Cinema-inspired elevator designs raise spirit and body
“The lift cabin as a design space in which to create a microcosm of details, games and stimuli” — this is the spirit with which Milan-based CaberlonCaroppi studio designed POP UP, the second lift in the Ad Hoc line for IGV group, an Italian vertical transport company.
“In a sector characterized by anonymous and excessively standardized production, we intend to demonstrate how the lift, with its functional role, can be reinterpreted and become an integral part of the architectural project from both a structural, formal and design point of view,” says Michele Suria, CEO of IGV Group.
“For the inspirations we worked on different fronts, thinking about the function of the lift but also what materials and combinations could offer a new interpretation of the cabin interior. The three options that have emerged are built of a specific story,” says Chiara Caberlon.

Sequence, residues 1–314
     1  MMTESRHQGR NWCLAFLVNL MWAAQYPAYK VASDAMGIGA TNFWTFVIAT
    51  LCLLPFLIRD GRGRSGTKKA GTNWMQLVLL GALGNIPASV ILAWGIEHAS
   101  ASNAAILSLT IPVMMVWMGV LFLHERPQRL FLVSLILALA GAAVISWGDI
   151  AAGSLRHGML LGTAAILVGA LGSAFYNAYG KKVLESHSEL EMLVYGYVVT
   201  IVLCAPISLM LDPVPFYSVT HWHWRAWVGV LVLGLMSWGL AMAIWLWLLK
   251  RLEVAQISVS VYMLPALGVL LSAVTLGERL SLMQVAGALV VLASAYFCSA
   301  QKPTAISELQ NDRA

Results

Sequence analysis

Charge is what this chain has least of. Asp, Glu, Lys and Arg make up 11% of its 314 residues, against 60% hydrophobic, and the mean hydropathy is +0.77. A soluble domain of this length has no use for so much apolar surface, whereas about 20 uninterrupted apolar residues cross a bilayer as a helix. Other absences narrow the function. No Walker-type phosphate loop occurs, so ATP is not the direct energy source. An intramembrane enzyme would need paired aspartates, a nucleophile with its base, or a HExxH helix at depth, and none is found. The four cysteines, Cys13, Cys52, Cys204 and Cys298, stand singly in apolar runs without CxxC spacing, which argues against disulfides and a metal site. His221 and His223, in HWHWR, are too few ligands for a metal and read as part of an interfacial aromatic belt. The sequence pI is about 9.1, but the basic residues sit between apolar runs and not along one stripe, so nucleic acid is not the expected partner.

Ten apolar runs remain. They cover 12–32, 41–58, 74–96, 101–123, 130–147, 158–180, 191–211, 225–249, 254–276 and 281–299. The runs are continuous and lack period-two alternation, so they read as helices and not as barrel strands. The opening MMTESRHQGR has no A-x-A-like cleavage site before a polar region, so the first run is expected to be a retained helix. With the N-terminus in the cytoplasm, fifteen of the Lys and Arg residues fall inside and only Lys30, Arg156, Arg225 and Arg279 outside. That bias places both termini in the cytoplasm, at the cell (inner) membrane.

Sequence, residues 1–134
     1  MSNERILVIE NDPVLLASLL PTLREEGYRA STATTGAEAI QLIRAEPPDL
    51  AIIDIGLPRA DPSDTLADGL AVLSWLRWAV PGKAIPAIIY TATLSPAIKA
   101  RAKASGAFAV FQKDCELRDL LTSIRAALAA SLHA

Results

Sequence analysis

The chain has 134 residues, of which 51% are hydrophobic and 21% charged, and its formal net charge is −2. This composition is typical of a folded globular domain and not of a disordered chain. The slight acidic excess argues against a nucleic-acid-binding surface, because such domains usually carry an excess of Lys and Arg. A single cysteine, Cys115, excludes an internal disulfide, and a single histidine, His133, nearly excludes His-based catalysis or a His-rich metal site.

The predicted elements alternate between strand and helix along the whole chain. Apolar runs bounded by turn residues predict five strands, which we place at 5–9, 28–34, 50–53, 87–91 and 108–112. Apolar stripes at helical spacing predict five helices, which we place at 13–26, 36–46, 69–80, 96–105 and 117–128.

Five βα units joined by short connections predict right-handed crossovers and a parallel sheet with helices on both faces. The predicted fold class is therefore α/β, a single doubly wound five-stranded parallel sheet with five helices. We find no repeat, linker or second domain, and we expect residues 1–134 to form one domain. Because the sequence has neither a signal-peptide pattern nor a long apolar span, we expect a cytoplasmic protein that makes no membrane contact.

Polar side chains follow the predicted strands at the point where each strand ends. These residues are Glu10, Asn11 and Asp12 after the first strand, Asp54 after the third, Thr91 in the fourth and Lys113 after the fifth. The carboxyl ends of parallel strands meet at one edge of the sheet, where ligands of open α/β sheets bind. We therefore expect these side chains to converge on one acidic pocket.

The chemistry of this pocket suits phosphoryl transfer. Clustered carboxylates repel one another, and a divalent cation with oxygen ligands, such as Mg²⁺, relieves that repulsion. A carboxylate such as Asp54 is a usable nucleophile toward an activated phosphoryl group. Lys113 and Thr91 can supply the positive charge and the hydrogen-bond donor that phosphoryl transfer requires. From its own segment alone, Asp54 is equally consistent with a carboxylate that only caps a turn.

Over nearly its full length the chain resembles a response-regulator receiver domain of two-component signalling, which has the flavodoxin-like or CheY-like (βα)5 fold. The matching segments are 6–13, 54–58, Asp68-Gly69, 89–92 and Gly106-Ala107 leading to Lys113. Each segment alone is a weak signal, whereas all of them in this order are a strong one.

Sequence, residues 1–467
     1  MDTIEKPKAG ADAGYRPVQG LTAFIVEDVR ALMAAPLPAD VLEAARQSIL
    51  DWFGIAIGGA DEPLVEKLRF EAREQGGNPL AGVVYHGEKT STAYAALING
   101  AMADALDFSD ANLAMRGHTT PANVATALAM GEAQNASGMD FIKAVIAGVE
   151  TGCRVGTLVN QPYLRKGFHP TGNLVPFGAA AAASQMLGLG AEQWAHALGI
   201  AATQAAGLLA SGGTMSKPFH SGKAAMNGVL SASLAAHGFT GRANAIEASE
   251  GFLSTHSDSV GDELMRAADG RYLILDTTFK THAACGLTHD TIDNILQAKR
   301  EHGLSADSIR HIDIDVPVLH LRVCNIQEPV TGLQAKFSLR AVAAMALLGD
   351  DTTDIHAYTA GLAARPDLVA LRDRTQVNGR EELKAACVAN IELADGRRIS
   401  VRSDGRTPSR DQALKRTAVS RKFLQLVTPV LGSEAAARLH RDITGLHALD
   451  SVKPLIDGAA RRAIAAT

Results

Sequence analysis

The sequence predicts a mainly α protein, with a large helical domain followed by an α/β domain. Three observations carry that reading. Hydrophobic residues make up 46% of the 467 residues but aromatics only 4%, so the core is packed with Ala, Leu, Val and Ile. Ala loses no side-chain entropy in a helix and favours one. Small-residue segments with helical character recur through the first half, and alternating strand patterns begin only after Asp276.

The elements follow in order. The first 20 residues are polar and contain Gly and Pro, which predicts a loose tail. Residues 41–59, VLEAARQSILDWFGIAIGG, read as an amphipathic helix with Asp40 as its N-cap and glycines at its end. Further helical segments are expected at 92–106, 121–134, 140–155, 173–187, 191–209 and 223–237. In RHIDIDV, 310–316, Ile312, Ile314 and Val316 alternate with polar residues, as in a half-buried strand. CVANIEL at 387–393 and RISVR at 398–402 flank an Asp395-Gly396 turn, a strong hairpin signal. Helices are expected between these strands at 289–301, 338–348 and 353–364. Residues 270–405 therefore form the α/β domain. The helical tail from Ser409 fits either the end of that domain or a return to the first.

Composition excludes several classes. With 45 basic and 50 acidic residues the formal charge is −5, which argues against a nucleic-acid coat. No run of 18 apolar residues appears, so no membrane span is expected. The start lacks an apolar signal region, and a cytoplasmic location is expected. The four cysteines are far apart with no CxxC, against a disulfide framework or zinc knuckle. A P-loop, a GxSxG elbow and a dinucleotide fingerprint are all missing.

The first, Belle Epoque, dreamlike and elegant, expresses a clear reference to the ‘poetics’ of Wes Anderson’s films.
The second, called Golden Age, is inspired by old black and white films, where there was a “lift boy” who accompanied guests to their floor. Executed in two versions, this elegant space is strongly characterized by geometric wallpaper (taken from the Eterea collection for Zambaiti Parati) and complemented by mirrors and metals that enhance its depth.
For the third story, Home Sweet Home, the studio conceived a more intimate space, as if the inside of the elevator were a sort of ‘foyer’ of the floor. Thus the walls are decorated with boiserie enriched with mirrors and frames, creating a bright chromatic interplay, and the floor, clad in parquet, gives warmth to the environment with the presence of a sofa to sit or place objects on.
“The idea of furnishing an elevator, of having carte blanche, of trying to interpret a space that has always been taken a bit for granted, was on the one hand fun and on the other a confirmation that companies are increasingly aiming to differentiate themselves through uniqueness and creativity with interesting projects and new perspectives,” says Ermanno Caroppi.